Over the last three years, Republican politicians have learned. But what they have learned is that no matter what ugly, insulting, or downright evil thought Donald Trump shoves onto the national stage, it will not be too much for his followers. Because ugly, insulting, and downright evil is what his supporters want from Trump. What the alt-right calls “not being politically correct” and everyone throughout the rest of history knew simply as “being an ignorant, mean-spirited son of a bitch,” is the core of Trump’s support.
What Republicans have learned is that when Trump attacks an ally, demeans a respected official, or simply spews his own thick mix of hate-lies, they should just mumble, dissemble, and generally sit on their hands … until whatever new subbasement in hell Trump has uncovered becomes not merely acceptable, but the new “standard” for American political discourse, and the new truth for the Republican Party. And that has never been more clear than in the last few days.
Following Donald Trump’s explicit, direct, and inexcusable racist statements aimed at a group of progressive congresswomen, a few Republicans initially raised limp “I wouldn’t say it like that” flags of wincing disagreement. But by far the majority of Republicans followed one of two paths—staying silent, or explaining why Trump was right to claim that disagreeing with him while brown was sufficient cause for exile.
And there’s something here for everyone to learn: Trump’s racism hasn’t just become worse since he moved into the White House; it’s become more acceptable at every level of the GOP. Just ask Ivanka. When her father called Nazi marchers at Charlottesville “good people,” the spa magnate issued a statement that there was “no place in society for racism, white supremacy and neo-nazis.” But this week, Ivana Trump Jr. has not just failed to tweet about her father’s racist hate-mongering; she has also declined to comment when asked.
That blatant racism isn’t just something that Trump feels more free to spread. It’s something that other Republicans now feel free to ignore, or to outright endorse.
As The New York Times reports, Trump has carefully weeded out any morality in the White House. What remains is those who follow the lead of would-be Bond villain Steven Mnuchin in claiming, “I do not find them racist,” and those who, like Rudy Giuliani, claim that Trump is right to want to toss democratically elected congresswomen back to … wherever, because they “attack America.”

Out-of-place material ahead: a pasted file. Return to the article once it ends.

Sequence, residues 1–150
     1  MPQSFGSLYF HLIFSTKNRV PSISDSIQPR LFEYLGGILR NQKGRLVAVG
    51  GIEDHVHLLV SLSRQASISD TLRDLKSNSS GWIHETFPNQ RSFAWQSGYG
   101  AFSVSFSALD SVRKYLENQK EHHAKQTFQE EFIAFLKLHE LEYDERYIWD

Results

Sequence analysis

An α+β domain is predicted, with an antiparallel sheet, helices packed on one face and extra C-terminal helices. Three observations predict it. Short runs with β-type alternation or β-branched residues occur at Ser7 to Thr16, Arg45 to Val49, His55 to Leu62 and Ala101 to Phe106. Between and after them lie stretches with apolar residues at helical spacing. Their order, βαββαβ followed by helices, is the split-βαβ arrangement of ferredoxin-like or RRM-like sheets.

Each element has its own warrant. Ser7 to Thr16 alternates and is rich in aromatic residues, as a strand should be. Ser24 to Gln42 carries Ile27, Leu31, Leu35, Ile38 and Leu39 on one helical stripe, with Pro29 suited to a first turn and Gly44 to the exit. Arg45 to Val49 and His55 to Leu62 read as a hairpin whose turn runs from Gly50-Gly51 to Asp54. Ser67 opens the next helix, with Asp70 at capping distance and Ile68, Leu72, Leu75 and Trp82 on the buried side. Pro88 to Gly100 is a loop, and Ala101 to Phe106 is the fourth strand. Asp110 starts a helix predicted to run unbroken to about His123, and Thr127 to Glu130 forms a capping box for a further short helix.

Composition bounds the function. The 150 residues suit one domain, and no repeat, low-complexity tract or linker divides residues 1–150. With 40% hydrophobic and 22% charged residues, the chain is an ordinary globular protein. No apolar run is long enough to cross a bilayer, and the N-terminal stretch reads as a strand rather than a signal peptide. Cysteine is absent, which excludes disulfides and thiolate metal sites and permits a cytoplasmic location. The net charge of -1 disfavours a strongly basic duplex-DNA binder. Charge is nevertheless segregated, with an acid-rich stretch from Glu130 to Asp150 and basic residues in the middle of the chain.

However, there does remain a comic chorus in the White House claiming that Trump can’t possibly be racist. As evidence, Mike Pence’s chief of staff pointed out that Transportation Secretary Elaine Chao is Asian. So clearly this isn’t about race. “So when people write the president has racist motives here,” said Short, “look at the reality of who is actually serving in Donald Trump’s Cabinet.”
Sure. Let’s look. Trump’s cabinet contains one black man, Ben Carson, and one Asian woman, Elaine Chao. It also contains two white women, Gina Haspel and Betsy DeVos. Other than that, Trump’s cabinet consists entirely of white men—making it the whitest and most male cabinet in decades.
“This is not a universal statement that he’s making,” said Short. “He’s making it about an individual member of Congress.” Except Trump didn’t make it about an individual; he made it about a group. And if anyone missed the color of the women in that group, Trump made the point explicit by declaring that they should “go back” to wherever it is Trump believes they originated. Some shithole countries, no doubt.
The silence, acceptance, or outright support of Trump’s blatant racism didn’t stop at the White House. It’s on its way to being the baseline for the Republican Congress. As The Washington Post reports, those responses included excusing Trump’s statement by simply denying that he said what he said, as did Republican Rep. Andy Harris, who declared that Trump “could have meant go back to the district where they came from.” That statement complemented that of campaign director Matt Wolking, whose “Anyone who says the president told members of Congress to go back to where they came from is lying” is a mini-master class in refusing to see what Trump put on the screen in black and all-too-white.
Many Republicans followed Mitt Romney in his long-held position of being utterly spineless on every issue. But Romney didn’t just fail to rebuke Trump for his racism—this time he joined in, declaring that it was the fault of the congresswomen that Trump attacked them. “I certainly feel a number of these new members of Congress have views that are not consistent with my experience and not consistent with building a strong America,” said Romney.
And of course, whenever Trump digs a new basement, Sen. Lindsey Graham can be counted on to furnish it with slime. When Trump was running for office, Graham accused him of using “race-baiting” and employing “xenophobic” language to generate hate. But this week Graham ran straight to Fox & Friends so he could be front and center on Trump’s screen as he claimed, “We all know that AOC and this crowd are a bunch of communists. They hate Israel. They hate our own country. They’re calling the guards along our border — Border Patrol agents — concentration camp guards. They accuse people who support Israel of doing it for the Benjamins. They’re anti-Semitic. They’re anti-America.”
Donald Trump found his Roy Cohn in William Barr. With Lindsey Graham, he has his new Joe McCarthy.
What Republicans have learned over the last three years is what Trump knew all along: Racism, xenophobia, misogyny, and plain old hate sell. And they’re all becoming his salesmen.